Protein

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Proteins

Introduction

Proteins are one of the three key macromolecules which are essential in the human diet, the other two being that of carbohydrates (sugars) and lipids (fats). In this trinity, it could be argued that proteins rank chiefly. Indeed, the origin of the word protein is the Greek word “proteios” which means prime or primary. This is an apt etymology, as proteins form the most fundamental component of human tissues. A diet without protein is a non-sustainable one for the reason that proteins confer the body with nitrogen, sulphur and hydrocarbon skeletons – essential organic components that cannot be provided by carbohydrates or lipids.

Proteins are responsible for a plethora of vital bodily processes and have a myriad of specific roles in various organ systems. As complex macromolecules, proteins are themselves comprised of smaller functional units known as amino acids. Amino acids are bound to one another by peptide bonds, and form long linear chains which are dubbed “polypeptides”. Most proteins which are consumed in the human diet via animal or plant sources comprise of about 20 different amino acids. This is important, as the proteins themselves have no nutritional value until and unless they are digested by enzymes in the small intestine into amino acids or shorter peptide chains [1].

Functions of Proteins

Proteins are essential in the synthesis of DNA and RNA. DNA and RNA are nucleic acids which provide the basis for our genetic code. Without this genetic code, cellular proliferation cannot occur, and our cells would be unable to reproduce and grow. Proteins are also essential in the synthesis of vital neurotransmitters such as dopamine and serotonin – dubbed the “happy chemicals” that contribute to overall wellbeing and happiness.

Much of the biological properties of a specific protein depends on its physical interactions with other molecules. For example, in the context of our bodily defence mechanisms, protein-based antibodies (also known as immunoglobulins) readily bind to foreign pathogens such as viruses or bacteria to label them for destruction by our white blood cells [2]. In the same vein, proteins are also required for the synthesis of key enzymes. Enzymes are remarkable molecules which catalyse biochemical reactions in the human body to either form or break bonds in cells. These molecules are capable of expediting a chemical reaction by a factor of a million or more! [3] The controlled catalysis of millions of biochemical reactions that occur within the powerhouse that is the human cell, is what makes life itself possible.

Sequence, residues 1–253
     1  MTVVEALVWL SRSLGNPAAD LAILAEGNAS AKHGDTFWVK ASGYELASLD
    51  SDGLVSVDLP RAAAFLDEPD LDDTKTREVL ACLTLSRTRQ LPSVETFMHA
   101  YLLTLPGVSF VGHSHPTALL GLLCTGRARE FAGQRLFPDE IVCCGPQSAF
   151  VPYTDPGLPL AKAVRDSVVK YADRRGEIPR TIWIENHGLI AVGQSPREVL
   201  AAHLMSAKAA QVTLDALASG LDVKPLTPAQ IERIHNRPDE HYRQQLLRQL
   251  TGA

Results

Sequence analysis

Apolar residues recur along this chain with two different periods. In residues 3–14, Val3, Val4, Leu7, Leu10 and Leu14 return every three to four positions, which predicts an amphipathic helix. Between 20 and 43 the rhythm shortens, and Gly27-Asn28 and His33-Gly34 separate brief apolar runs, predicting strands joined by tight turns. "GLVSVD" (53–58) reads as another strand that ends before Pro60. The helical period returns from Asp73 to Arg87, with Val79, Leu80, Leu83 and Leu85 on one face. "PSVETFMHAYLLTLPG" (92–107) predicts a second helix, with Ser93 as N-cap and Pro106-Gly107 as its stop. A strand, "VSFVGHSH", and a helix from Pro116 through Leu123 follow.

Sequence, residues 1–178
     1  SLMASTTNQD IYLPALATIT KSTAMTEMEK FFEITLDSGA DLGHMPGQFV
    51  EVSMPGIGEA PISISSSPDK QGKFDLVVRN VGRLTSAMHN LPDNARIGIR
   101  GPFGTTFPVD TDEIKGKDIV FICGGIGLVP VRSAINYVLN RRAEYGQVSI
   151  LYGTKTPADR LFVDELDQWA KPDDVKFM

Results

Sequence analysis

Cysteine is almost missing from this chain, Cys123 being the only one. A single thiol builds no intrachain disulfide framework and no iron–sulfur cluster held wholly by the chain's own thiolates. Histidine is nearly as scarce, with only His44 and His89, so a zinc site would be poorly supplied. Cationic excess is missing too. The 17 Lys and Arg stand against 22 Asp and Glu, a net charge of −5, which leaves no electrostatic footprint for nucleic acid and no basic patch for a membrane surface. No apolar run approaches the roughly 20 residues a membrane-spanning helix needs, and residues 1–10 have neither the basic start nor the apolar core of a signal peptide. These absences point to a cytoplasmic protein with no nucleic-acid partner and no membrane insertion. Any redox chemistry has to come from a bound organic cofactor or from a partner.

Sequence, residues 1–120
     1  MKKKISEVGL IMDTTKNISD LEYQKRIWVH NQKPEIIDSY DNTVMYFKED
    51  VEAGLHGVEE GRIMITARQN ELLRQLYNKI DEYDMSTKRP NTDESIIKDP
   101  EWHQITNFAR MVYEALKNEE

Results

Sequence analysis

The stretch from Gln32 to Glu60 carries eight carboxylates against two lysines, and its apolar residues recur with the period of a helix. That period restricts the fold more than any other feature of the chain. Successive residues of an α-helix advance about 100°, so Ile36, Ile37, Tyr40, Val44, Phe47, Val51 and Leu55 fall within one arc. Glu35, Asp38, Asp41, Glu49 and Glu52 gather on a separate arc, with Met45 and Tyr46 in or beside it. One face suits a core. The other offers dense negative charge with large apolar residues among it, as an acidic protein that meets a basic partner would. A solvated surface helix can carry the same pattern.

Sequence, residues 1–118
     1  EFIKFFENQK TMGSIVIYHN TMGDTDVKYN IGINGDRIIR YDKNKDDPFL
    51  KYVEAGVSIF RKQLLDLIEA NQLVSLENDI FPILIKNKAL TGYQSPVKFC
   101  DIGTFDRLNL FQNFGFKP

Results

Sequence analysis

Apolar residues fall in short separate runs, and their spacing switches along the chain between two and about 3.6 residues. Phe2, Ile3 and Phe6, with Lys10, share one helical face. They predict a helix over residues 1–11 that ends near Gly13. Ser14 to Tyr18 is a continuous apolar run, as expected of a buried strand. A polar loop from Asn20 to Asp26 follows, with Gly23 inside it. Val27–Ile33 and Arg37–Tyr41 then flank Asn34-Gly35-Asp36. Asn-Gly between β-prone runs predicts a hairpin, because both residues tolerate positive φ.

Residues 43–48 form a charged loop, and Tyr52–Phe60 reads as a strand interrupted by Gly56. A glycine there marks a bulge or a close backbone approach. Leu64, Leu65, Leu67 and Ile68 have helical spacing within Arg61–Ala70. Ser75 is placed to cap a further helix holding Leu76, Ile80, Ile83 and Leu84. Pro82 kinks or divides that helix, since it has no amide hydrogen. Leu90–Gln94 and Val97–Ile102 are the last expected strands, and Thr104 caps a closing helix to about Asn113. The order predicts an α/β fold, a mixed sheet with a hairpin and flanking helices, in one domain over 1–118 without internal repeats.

Protein Dietary Requirements

The metabolism of proteins is intrinsically linked with total energy levels; this is because the transport of amino acids, detoxification of ammonia (a waste product of protein metabolism), and the excretion of nitrogen-based metabolites require energy. The consumption of daily dietary protein should, therefore, be considered in the context of intake of other energy sources (e.g. sugars and fats). Indeed, although proteins are one of the three energy sources utilizable by humans, they are rather energy inefficient compared to carbohydrates and lipids. Proteins are utilized by the human body for the various functions delineated above, more so than for an energy source.

The daily dietary requirements of amino acids and proteins are affected by 4 main factors. First, are dietary factors such as the content and proportion of proteins, total energy intake, and level of processing of the proteins. Second, are the physiological characteristics of the human, such as age, sex, genetic makeup, hormonal balance, pregnancy and lactation, as well as a level of physical activity. Third, are pathological characteristics of the human, such as trauma, cancer, diabetes, obesity and metabolic syndrome, cardiovascular disease and infections. Last but not least, are environmental factors such as the ambient temperature, presence or absence of toxic pollutants, sanitation and personal hygiene.